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learned to flourish their umbrellas, (numberillas, as they results from false education. Would you guard then call them,) quite as stylishly as their masters and mis- against this greatest of all curses, both lo individuals tresses, except when they first put themselves into and nations, the education of our sons should not be training; during which time their extreme awkward- either by inculcation or mere sufferance, to spend more ness in handling these skull protectors, forms a most of the family property than their parents allow them. ludicrous burlesque of the higher powers. A corres- It should nol be to dictate to their fathers or mothers, pondent change in the summer-covering of our limbs either in opinions, manners, morals, or domestic duties. and bodies, has been deemed equally essential 10 suit It should not be to think that very expensive dress and their diminished power of enduring summer-heat; so costly living constitute either the man or the gentleman. that the old fashioned, cheap pair of coats are now It should not be to become the most frequent, roistering, thought far too beavy, hot, and what is much worse, too arrogant, and boisterous attendants at tavern bars, grog ungenteel, to be sustained by those who can hardly sur- shops, and eating houses:—not to consider profanity, vive the dog-days in any thing but the thinnest and gambling, hard drinking and lewdness, altogether the lightest of those costly gossamer fabrics, at present most genteel accomplishments they can acquire:—not to used for gentlemen's summer apparel. Our foot tax, deem the effort to become of somewhat greater use in the also, for both seasons, contributes its full share to widen world, than merely“ to consume the fruits of the earth," the difference between old fashioned and new fashioned either needless or derogatory to their stations :—not to expenditures: for most of us—especially our youth— run up bills with their tailors and with tavern keepers, must now have have at least two pair of thin boots for during their minority, which afterwards will require summer-(wo of more substance for winter, (although their whole income, for some years, to pay :-not to none of them are made to keep out water,) besides deem it penurious to keep accurate accounts of their reslippers, pumps, bootees, Jefferson shoes, &c., &c., the ceipts and expenditures—a habit (by the way) never to total number and cost of which, for one man, would be acquired, unless commenced in early life:-not to formerly have kept a whole family in boots and shoes become critics in the sublime art of cookery, nor first rate for double the period.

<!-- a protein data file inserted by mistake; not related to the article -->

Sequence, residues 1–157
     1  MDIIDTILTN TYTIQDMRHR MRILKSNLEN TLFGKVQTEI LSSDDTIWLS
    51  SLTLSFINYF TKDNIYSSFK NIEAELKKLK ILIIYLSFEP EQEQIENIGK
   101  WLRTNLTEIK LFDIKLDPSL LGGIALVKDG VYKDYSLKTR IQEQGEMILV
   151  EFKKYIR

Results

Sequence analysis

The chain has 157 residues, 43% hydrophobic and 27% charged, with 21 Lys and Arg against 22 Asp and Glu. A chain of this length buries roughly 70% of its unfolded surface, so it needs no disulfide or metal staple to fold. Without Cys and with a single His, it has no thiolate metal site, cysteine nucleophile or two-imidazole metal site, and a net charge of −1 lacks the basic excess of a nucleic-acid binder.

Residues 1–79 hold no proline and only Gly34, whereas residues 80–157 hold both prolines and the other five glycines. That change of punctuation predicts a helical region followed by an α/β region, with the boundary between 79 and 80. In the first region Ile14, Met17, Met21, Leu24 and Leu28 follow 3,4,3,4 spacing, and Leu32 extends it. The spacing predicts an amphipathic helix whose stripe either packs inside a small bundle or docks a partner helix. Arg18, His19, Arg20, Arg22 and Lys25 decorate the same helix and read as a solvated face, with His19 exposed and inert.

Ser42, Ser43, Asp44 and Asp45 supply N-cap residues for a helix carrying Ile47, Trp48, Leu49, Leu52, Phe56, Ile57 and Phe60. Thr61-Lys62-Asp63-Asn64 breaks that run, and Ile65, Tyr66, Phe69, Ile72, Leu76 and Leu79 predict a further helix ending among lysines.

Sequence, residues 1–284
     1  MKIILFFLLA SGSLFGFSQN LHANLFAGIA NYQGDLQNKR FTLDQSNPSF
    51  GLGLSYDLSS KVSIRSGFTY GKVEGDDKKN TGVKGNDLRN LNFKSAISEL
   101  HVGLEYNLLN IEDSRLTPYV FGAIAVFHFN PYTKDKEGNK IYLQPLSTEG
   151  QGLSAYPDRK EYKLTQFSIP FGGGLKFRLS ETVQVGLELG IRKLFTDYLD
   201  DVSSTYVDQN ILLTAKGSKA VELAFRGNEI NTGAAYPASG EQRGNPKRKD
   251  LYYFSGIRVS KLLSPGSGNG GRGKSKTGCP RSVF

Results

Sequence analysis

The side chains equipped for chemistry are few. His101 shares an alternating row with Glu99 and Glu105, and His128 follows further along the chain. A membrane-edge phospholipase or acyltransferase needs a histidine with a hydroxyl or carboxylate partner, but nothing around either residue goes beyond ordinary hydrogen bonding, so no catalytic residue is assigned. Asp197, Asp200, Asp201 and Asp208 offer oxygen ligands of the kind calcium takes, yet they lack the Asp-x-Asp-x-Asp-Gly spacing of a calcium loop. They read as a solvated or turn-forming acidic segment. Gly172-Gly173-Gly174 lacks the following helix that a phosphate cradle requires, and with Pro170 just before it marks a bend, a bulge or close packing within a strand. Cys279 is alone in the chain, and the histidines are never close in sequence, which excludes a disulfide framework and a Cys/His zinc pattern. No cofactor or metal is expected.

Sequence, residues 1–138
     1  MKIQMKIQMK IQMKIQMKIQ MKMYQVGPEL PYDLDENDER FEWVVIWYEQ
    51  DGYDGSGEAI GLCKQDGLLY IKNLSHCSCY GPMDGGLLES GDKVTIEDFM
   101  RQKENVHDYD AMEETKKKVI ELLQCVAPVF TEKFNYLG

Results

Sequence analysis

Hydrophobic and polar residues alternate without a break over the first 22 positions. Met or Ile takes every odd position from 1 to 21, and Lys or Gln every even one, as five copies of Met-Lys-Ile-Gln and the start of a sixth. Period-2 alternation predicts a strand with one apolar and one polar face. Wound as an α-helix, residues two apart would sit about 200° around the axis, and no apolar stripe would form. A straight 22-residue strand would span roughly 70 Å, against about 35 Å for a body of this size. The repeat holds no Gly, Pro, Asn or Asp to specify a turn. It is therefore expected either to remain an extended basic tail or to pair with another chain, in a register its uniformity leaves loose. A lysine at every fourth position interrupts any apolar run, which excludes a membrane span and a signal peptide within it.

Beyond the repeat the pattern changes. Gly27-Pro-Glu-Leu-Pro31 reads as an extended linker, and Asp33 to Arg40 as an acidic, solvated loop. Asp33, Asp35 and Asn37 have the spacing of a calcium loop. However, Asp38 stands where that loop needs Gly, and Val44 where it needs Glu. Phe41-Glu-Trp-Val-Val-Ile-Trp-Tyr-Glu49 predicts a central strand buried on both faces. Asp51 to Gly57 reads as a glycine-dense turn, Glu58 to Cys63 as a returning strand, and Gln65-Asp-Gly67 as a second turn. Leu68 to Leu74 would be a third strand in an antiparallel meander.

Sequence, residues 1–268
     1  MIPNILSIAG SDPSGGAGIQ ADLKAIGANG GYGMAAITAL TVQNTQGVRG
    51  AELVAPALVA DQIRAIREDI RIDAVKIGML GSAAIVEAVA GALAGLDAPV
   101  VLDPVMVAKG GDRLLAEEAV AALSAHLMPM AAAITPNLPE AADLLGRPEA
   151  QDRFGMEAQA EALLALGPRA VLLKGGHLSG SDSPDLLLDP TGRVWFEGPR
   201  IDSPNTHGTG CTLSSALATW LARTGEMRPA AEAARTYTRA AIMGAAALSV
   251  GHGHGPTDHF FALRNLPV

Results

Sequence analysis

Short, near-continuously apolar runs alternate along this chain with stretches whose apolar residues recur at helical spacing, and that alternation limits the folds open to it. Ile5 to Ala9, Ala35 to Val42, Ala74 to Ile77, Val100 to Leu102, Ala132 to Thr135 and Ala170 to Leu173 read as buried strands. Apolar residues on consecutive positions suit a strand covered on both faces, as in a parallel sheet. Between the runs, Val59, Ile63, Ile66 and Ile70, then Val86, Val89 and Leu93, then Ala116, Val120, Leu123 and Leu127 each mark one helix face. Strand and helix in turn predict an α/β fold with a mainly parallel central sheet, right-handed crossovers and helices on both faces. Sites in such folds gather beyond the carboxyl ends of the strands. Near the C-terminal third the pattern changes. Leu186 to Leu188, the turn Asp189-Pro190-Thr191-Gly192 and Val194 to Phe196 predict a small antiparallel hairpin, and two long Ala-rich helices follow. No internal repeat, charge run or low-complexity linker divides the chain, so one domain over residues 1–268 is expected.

judges of every variety of intoxicating liquors :—not to When we compare the old with the new outfit for a believe their young stomacbs even so early as their winter campaign, the contrast is still more striking, tenth or twelfth year, incapable of performing all their still more illustrative of what I am trying to prove. healthful functions without the smoke or juice of that Now, after a modern gentleman has ensconced himself poisonous narcotic, tobacco ;-not to feed their young in all imaginable envelopes deemed essential to his com- brains with snuff, as if that were the only food they fort and preservation within doors, at greatly increased are capable of receiving. And lastly, it should not be cost, compared with former times, he has, alas! to to assume to be men, before they have qualified themguard himself with more than double diligence, against selves to act as such. what the amiable Sancho Panza used to call, "the Could modern parents only be prevailed on to exert inclemencies of the Heavens.” To do this most effectu- their whole authority, aided both by wise precepts and ally in the olden time, every man firmly believed, that virtuous example, to correct the numerous heart-sickena single, substantial great coat was amply sufficient, ing evils in modern education ;-to exert it too, but for and his practice accorded with his faith. Now, should a few years, without either cold or hot fits in applying the thermometer sink only a few degrees below thirty- it; and the whole generation of idlers, drones, dandies, two, not less than two over coats, (for great coats they and profligates, would be swept from the face of the can no longer be called, being much more like gun-cases earth, to be replaced by a band of hardy, active, inin tightness,) with a cloak to make assurance doubly dustrious, intelligent and moral young men-the pride sure, must be added, to guard at least against being of their parent's hearts, and an honor above all price, frost-bitten, if not frozen to death. This triple pro- both to themselves and to their country. Do not, I vision against the horrors of congelation is particularly beseech you, understand me to say, or even to think, remarkable in a large portion of those truly unfortu. that we have no such young men, among the present nate victims of parental neglect just arriving at that generation. No-God forbid; for it rejoiceth my old much envied, I wish I could say enviable age, when so heart—now almost worn out-to feel, with absolute cermany of them become their own masters, who are ut- tainty, that our good mother, Virginia, has many such terly unfit to be masters of any thing. But far be it to sustain her waning fortunes. But the misfortune is, from me to blame them so much for it. Their parents that their number is small, when compared with those are the great criminals in these cases: for they might of opposite character, and consequently it requires far have given their sons, by a proper physical education, more moral courage than young people--even the most constitutions too hardy to require such upmanly indul- intelligent, virtuous and best educated